La Sylphide Sewalong: Hem and Buttons

Posted by: LLADYBIRD on 3:41 AM
I'm afraid I've got some good news and some bad news today, guys. The good news is - we are SO close to finishing our La Sylphides! Yay!
The bad news is purely selfish - once we finish our La Sylphides, this sew along will be over like hammer pants. Boo! I've really enjoyed sewing along with everyone, so it's a bummer to have it end. On the flip side - we get new garments to wear, so that's pretty neat :)

Anyway, we have to actually finish the garments before we can claim they're ready, so let's get that going stat!

There are a couple of different ways to hem the skirt or peplum. If you'd like an invisible finish, we have a great tutorial for a blind hem sewn by hand. Personally, with all the top stitching going on with the garment, I'm not terribly concerned with having an invisible hem, so I am using my rolled hem foot to make a small rolled hem.
Remember when we clipped the seam allowance next to the placket at both the top and the bottom? The remaining raw edge sticking out is your hem allowance. We don't have to do anything with the placket at this point, just get that raw edge hemmed up so it looks just as clean as the placket :)

Fold up a couple of inches of the raw edge and finger press into place.

Using a rolled hem foot, sew along the part you just folded as usual, keeping close to the edge of the fold. After you've sewn about an inch or so, stop and lower your needle.

Now raise your presser foot and coax the remainder of the folded fabric into the little metal roll. This will fold the fabric for you and perfectly stitch along the edge, thus doing all your work for you. Yeah!
(Ugh, I just noticed all that fuzz along the top of my needle and it's making my eye twitch. Sorry about that, I swear I clean my machine regularly!)
Continue sewing along the remainder of your hem. You may need to fold the fabric every couple of inches before you coax it into the foot, but seriously - that little gizmo is gonna do most of the work for ya.

Once you reach the opposite placket, you will probably notice that the fabric gets all crammed up in the foot if you try to continue. No problem! Just lower your needle, raise the presser foot, and remove the fabric from the inside of the foot. Keeping it folded (this best works when you only have an inch or so left of your hem), you can stitch along the top as normal.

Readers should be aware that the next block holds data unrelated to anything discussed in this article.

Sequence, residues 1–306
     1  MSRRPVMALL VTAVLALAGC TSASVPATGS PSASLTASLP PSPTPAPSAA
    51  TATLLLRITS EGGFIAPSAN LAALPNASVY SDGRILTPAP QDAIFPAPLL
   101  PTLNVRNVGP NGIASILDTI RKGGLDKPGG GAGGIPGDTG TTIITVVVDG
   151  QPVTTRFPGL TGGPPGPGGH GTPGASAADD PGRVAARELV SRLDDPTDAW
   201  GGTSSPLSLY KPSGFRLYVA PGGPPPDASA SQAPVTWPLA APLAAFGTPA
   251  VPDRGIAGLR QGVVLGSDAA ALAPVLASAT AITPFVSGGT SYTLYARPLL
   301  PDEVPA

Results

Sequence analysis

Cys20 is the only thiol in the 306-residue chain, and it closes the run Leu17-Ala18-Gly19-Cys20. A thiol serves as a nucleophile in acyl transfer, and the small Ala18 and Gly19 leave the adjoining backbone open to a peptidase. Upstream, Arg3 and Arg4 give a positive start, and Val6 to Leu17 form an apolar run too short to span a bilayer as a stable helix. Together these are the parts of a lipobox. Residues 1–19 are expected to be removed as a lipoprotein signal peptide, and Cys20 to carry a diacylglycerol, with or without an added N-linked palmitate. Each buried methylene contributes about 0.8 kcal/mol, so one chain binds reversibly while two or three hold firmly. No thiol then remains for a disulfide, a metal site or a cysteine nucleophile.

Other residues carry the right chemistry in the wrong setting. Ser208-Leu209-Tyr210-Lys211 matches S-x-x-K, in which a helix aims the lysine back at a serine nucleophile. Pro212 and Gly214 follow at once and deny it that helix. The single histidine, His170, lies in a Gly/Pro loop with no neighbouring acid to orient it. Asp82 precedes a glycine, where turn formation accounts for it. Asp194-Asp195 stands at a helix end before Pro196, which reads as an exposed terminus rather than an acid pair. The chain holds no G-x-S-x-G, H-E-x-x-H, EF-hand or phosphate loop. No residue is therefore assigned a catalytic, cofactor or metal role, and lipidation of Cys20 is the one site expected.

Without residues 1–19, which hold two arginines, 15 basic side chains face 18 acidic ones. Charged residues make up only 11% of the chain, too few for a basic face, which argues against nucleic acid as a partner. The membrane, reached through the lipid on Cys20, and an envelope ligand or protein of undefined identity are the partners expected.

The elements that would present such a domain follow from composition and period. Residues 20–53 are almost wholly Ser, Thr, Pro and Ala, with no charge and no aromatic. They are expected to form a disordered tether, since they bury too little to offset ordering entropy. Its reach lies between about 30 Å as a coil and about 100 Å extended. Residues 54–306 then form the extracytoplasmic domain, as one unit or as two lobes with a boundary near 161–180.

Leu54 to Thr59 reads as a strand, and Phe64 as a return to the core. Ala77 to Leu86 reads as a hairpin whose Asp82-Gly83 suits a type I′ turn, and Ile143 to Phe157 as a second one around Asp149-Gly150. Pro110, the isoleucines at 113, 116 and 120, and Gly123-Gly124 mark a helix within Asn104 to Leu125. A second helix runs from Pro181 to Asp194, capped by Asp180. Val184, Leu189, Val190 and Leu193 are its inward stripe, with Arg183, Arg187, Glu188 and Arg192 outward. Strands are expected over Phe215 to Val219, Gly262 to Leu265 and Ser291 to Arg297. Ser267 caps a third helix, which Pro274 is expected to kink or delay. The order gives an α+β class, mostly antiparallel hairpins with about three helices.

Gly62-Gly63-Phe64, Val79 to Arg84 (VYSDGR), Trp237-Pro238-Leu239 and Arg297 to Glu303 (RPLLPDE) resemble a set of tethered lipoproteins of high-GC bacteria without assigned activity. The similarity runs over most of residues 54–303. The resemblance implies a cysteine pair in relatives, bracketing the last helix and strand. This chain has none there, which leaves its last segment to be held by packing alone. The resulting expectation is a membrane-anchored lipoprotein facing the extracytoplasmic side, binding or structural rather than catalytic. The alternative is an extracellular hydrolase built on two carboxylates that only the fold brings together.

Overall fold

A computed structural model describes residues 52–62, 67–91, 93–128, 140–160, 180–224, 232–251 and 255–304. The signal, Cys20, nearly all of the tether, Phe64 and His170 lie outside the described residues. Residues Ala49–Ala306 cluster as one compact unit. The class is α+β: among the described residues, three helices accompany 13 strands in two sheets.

You should end up with a very tidy baby hem that looks beautiful on both sides.

Buttons are next! Mark your button hole placement and sew on the right side of your garment. For this style, I like to make vertical button holes but horizontal ones are good if you are concerned about gape-age, since they will give you a little bit more room at the button.

 To mark your button placement, overlap the plackets, making sure to match up the waist seam. Stick a pin in the middle of each button hole.

When you open the placket (be careful not to pull out your pins!), you can mark where the pins are and thus where your buttons need to be sewn. If you need help with hand sewing on buttons, here is a tutorial.

One last finishing touch I like to add is sewing a hook and eye at the waistline seam to keep it from pulling open (I realize you could also sew a button right here, but I like to wear my stuff with belts, so I need a smooth waistline). You can also do this at the bust point if you find that you have pulling there.

Sew the hook on the button hole side of the garment, keeping the hook close to the edge of the placket (but not quite flush).

The easiest way to mark the placement for the eye is to rub a piece of chalk over the hook. Hopefully you can see it - it's light pink.

Close the buttons above and below the hook and then firmly press the chalked hook over the under placket.

When you lift the placket, there should be a faint chalked dot on your fabric. This is where you will sew your hook.

I like to use a flat hook because, again, it keeps the waistline nice and flush. Also, I'm totally aware that buttons are missing their rhinestones :( They're vintage, and I think they're pretty enough to stand alone, even without the extra sparkle! What do you think?

And that's it for this sew-along! Be sure to upload your photos to the Flickr Group so we can all see! I'll be back next week with my three (!!!) completed La Sylphides.